Tonight we packed up for a trip. I do this a lot, but it still isn’t automatic. Thinking about what to take for the weather, the planned events, unforeseen needs. Do we have the camera and batteries? Sunglasses and sun screen for my daughter? Things for my work meeting and all the tickets and boarding passes? And on and on it goes. It’s a lot to think about. Even if we try to keep things simple.
It’s easy to get carried away or even anxious about planning . . . being as we can’t actually predict the future. This morning I found a good word about the appropriate differences between anxiety and preparation.
Whether I’m thinking about a trip, the work of teaching or ministry, or a big life decision, it is important to see and practice the difference between anxiety and planning. Luther Smith, professor of church and community at Candler School of Theology has a good word on this in the most recent edition of Weavings.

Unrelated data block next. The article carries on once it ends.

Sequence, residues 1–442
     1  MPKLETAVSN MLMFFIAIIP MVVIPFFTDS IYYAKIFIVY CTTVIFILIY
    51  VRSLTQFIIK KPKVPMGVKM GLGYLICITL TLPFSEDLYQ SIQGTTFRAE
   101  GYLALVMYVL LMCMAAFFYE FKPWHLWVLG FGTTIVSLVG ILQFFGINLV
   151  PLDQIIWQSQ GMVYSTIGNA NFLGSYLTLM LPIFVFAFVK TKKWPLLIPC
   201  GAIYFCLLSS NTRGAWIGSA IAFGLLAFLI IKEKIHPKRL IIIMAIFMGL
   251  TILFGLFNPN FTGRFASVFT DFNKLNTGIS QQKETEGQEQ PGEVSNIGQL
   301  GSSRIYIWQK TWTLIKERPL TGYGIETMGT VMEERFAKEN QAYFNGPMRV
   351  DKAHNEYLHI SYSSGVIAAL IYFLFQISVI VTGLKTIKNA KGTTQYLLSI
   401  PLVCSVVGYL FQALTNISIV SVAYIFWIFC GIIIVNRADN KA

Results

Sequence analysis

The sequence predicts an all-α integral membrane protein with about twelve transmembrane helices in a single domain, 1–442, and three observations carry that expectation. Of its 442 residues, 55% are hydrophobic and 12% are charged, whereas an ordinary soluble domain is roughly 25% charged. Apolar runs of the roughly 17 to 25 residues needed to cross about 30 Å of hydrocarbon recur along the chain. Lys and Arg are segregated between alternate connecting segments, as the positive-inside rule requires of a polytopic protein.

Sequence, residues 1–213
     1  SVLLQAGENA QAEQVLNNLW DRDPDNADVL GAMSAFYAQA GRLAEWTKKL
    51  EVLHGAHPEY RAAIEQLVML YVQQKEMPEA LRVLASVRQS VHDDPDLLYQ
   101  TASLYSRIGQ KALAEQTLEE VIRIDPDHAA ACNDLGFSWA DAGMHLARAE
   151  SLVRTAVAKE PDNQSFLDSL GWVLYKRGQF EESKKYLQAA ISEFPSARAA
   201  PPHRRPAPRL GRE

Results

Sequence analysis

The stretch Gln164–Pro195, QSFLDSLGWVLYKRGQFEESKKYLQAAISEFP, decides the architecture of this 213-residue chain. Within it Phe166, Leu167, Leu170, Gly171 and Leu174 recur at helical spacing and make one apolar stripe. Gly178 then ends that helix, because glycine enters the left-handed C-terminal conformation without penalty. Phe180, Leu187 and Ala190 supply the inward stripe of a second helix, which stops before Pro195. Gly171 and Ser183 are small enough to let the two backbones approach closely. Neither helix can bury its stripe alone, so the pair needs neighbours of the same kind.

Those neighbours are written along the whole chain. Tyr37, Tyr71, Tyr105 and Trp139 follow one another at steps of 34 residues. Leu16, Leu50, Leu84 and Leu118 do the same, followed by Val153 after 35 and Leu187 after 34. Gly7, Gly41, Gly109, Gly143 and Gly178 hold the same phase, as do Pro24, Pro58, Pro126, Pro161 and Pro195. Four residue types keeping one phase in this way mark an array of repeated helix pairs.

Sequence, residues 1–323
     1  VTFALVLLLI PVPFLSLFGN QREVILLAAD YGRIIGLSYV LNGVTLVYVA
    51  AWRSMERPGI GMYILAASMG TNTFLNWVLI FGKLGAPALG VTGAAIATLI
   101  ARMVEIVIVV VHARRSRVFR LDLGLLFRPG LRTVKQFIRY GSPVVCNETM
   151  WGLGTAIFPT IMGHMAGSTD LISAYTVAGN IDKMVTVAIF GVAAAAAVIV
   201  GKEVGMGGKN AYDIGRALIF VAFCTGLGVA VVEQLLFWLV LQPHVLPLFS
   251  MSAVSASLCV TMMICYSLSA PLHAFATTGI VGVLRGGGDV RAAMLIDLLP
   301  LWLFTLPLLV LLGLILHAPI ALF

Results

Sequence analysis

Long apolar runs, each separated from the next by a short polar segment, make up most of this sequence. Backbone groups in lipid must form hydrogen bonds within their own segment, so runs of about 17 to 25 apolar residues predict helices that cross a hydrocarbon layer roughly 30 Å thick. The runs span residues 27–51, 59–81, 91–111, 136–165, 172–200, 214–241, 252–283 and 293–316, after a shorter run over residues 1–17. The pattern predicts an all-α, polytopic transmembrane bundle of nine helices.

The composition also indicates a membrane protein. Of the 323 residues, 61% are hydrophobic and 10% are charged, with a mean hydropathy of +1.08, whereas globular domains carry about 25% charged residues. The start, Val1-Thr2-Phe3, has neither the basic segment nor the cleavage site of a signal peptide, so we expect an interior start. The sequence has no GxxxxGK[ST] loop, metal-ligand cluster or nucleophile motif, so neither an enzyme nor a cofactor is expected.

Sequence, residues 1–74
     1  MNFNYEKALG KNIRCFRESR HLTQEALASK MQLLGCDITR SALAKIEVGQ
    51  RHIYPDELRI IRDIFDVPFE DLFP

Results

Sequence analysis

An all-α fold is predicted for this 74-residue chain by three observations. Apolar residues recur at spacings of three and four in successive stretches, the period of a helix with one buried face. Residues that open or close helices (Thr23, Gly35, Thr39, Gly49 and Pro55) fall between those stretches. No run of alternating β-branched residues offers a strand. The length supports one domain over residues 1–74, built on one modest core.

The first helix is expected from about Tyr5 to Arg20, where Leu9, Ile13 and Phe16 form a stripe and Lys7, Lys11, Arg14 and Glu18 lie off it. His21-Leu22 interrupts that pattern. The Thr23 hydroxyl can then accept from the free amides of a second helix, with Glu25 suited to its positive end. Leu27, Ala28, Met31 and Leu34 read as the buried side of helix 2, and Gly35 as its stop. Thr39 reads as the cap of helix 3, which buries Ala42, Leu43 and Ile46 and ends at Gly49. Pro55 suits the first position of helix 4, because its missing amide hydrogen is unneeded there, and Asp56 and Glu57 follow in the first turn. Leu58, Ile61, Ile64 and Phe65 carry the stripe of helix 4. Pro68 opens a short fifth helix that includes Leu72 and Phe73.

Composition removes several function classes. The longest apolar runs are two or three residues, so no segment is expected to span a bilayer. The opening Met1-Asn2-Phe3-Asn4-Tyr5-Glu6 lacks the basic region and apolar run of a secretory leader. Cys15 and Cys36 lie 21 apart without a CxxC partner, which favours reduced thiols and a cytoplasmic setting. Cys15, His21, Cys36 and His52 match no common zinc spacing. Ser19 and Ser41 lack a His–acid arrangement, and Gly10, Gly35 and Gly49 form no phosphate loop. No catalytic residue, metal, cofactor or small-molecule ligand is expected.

Jesus’ teaching to “not be anxious about tomorrow” is not an admonition to be indifferent about tomorrow. The future is important to Jesus; it is a time of fulfillment. Jesus even emphasizes the importance of preparation for the future in his parable about the wise bridesmaids who had prepared for an anticipated event and the foolish bridesmaids who were in panic because they were unprepared for it (Matt. 25: 1-13). Tomorrow is not the problem. Being unprepared for tomorrow is a crisis for the present and for the time to come.
Anxiety is not the same as preparation. Anxiety is the consequence of fear about what can or will occur tomorrow, but it is not active readiness for the future. Fear of known and unknown factors that await us in our future rules our emotions to the extent that it functions as a god who inspires anxiety, obsessive self-preservation and cowardice.
For whatever comes tomorrow and tomorrow, God, help us to pack our bags wisely, and then meet us along the way. Surely you will be our most faithful traveling companion.